it made perfect sense and really the only dumb little criticism i have (you know i always have one. lol) is "My father reared me, Lila and Jesse..." Would it be me or myself? you really could be right about this, but i just wanted to make sure you double check.

that is all. we can talk more details later if you'd like. C:

Brijenieve said...

You're cruel - why would you post this right when I have to study for a midterm?! *cry*
I'll be back to read and comment officially later on tonight. =)

Captain AWESOME said...

I was kind of hoping the Dad would snap and go bat shit nuts resulting in a killing spree. While he does it... he incoherently babbles about a dream world while raping someone in the mouth. He then turns to face the camera "Can you keep a Secret Bitch?! Because obviously my kids can't!" Then he holds up the severed heads of Lila and Jesse. I want brutal Death Metal in the back ground and the story will end with the father making anti-semitic remarks off into the sunset. Holy Shit! I am a genius!

Mandemonium said...

Thanks asshole. That's not remotely helpful. Or even remotely funny.

Sares - I'm pretty sure "me" is right in that context as a direct object. I always think of "myself" as reflexive. http://hubpages.com/hub/Grammar_Mishaps_myself_vs_me

Colleen, as always, it's lovely to know you're still reading!

Hope your midterm goes well, Carrie. I look forward to your comment; you always have something productive to say. =)

saraphimiscool said...

alright, i suceed on the "myself," but are you sure it couldn't be "Lila, Jesse, and me..."? like i said before, you really could be right, but it just feels awkward.

as for the addition, i like it. it sheds some light on the paradoxes between Versitas and Myriad that readers might question. i think you should work on the transition INTO the conversation. The sentence before the conversation "...like it was this morning" makes it feel a little out of place like you had suspected. if you're still questioning it's placement, the story works without it as well.

send me a question if you don't understand. C:

your faithful reader...SF

saraphimiscool said...

p.s. i'm pretty sure that my dream last night was prompted by reading this. which is sort of ironic. C: i'll tell you details later.

Brijenieve said...

3) YES YES YES.
2) Yeah, I found it very intriguing. I love the idea of Myriad, and really want to know what's up with the dad's insistence that they camp far from apparent evidence of the Andasis. I'm sad for Lila - reminds me a bit of Susan in the Chronicles of Narnia.
1) It makes sense - though when you referenced the 'senate' I went into a SciFi mindset. It wasn't until my second read that I realized you actually meant the...senate... haha. The transition into the flashback (? right word? explanation? history?) felt a little forced. "Let me back up to where the story began," and "so that's how we came..." don't feel right. I enjoy your style - but these phrases in particular struck me as not exactly fitting. I don't have suggestions, though, haha. Sry.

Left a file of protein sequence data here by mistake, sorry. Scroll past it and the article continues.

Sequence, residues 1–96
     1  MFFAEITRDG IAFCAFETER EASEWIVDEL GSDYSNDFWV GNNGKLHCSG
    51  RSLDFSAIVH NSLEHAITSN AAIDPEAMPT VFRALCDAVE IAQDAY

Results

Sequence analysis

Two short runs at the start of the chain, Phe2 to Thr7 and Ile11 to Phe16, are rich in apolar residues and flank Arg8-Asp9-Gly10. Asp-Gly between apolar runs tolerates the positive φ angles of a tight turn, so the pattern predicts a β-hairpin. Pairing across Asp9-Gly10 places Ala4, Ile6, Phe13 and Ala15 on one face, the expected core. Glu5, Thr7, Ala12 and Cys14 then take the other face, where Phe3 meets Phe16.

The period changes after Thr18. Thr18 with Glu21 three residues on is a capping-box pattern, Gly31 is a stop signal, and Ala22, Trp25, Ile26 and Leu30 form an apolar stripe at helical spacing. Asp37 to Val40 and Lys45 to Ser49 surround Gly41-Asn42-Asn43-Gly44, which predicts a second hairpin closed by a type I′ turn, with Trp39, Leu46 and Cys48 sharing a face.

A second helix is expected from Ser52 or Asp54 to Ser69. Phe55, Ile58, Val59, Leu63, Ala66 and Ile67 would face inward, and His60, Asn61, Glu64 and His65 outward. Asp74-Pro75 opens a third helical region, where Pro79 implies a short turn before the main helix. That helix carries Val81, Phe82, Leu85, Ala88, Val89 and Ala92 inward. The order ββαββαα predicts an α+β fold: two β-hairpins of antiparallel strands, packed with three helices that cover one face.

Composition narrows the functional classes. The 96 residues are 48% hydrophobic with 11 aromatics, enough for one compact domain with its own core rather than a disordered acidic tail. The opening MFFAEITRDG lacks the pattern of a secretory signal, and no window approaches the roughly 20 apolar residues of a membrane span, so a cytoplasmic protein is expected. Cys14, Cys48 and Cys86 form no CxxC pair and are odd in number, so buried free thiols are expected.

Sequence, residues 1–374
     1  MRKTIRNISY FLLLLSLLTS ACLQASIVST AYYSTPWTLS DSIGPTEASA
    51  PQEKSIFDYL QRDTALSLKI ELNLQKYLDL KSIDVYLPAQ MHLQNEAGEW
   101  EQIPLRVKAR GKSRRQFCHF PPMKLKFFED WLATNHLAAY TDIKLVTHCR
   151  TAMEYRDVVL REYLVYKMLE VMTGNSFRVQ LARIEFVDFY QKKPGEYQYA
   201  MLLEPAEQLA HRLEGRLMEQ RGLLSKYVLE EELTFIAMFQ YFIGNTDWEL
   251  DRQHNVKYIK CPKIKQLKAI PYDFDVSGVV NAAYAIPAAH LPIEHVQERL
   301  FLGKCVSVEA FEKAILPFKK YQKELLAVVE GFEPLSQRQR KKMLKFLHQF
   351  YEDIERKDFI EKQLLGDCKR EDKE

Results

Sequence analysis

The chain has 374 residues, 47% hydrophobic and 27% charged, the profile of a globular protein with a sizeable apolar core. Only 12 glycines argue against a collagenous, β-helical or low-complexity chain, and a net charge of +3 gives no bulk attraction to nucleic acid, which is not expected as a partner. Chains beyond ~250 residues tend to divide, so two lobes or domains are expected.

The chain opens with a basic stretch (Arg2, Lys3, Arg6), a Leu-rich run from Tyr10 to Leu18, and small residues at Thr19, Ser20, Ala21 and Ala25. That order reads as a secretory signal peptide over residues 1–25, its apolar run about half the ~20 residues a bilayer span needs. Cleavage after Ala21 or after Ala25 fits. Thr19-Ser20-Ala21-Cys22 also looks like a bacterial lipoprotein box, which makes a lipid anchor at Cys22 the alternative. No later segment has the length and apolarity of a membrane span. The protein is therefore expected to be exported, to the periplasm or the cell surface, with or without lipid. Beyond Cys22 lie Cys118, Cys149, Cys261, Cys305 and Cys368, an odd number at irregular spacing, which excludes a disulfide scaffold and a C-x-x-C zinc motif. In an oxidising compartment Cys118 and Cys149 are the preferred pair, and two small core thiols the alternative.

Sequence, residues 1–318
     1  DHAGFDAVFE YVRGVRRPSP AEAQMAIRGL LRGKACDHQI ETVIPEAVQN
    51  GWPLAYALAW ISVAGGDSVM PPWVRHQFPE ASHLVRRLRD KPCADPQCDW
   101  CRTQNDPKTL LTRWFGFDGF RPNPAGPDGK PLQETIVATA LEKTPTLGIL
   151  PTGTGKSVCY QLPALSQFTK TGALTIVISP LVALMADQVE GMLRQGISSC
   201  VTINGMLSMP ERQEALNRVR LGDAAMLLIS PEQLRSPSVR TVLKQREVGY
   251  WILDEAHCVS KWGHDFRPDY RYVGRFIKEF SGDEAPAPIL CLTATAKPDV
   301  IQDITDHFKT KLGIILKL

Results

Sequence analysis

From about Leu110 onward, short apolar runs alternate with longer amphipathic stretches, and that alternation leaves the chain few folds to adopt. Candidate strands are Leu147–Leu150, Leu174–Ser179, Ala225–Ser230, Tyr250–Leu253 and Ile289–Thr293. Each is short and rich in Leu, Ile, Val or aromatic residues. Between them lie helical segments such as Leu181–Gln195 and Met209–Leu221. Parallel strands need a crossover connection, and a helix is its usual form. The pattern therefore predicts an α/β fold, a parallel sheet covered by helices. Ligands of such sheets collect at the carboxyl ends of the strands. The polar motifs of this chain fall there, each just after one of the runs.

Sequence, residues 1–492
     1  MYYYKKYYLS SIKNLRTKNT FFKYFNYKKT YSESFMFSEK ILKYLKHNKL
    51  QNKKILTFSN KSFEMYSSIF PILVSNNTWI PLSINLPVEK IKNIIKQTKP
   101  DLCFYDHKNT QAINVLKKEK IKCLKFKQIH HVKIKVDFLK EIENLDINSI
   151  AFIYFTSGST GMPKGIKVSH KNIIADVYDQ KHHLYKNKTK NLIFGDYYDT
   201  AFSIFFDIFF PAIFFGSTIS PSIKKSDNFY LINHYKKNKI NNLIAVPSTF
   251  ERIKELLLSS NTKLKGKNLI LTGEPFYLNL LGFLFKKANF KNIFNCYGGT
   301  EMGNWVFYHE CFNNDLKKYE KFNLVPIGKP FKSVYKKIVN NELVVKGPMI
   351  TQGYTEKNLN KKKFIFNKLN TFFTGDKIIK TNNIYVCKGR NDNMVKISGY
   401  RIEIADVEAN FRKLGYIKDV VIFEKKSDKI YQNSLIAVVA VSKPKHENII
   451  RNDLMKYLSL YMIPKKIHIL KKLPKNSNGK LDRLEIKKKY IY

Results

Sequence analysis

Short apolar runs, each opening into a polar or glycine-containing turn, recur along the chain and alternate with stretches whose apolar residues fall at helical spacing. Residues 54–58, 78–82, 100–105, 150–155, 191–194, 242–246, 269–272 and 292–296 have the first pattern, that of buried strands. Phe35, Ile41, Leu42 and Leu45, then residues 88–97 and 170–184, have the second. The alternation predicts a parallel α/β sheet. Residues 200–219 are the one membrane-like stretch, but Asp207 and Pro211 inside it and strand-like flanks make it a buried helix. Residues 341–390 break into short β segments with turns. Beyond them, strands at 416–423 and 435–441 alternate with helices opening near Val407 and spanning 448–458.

All in all, well done - I look forward to reading more (HINT HINT). =)
Oh and my midterm is done - finally! It was tough but...it's over and that's what matters, haha.

Mr. Paul said...

Okie dokie... and here we go!

1) Does it make sense? Or are there too many new names/terms/ideas to keep straight? Are new concepts explained well enough?

- yes it is and I advise not to add any more or else you'll end like J.R.R Tolkien. Mr. Tolkien flows nicely but there is so much info you can only read 10 to 20 pages at a time of his work.

2) Does it hold your interest? If not, where and why do you get bored?

- okie dokie, who is your target audience? I didn't get bored, it holds interest I just want to know who your target audience is? Oh and in reference to characters (I'm not accusing you of this just an F.Y.I) try your best not to make them reflect your self in anyway.

3) Does it make you want more?

More Blood? yes... anyway yeah but this goes into different branches of taste, and target audience. (me obviously being more extreme) Yes i think it's a very interesting story and I do want to know what happens next.

P.S. I don't believe I saw this anywhere which is good but (for F.Y.I) don't name drop other books "like mentioning Narnia" for the following reasons. As a reader you want them to just think about your story and your story only and you do not want to bring attention away from that and to other books. but yes very good.

I give it three and half stars

P.S. how longs is this going to be and how many books are we talking here?

Mandemonium said...

Ah yes, target audience is an important matter. I intend for it to be a little more sophisticated and for a slightly older audience than the Narnia books; not that younger kids couldn't read it but that it would be better suited to high school and college age readers because of style/vocabulary as well as darker content.

As for mentioning other works, I had a couple references in the first draft but cut them out.

And as for length, well. There's a lot that needs to happen. As many a professor has said, "I don't care how long it is as long as you say what you have to say." But I expect this one will be pretty long, at least a few hundred pages since my first two books were way less epic and still cleared 200 pages, and it is part of a series which will be anywhere from five to seven books long. This one falls somewhere in the middle.

Mr. Paul said...

Oh P.S. http://www.youtube.com/watch?v=Yu_moia-oVI

Mandemonium said...

You'd better be dancing like that next time I see you. XD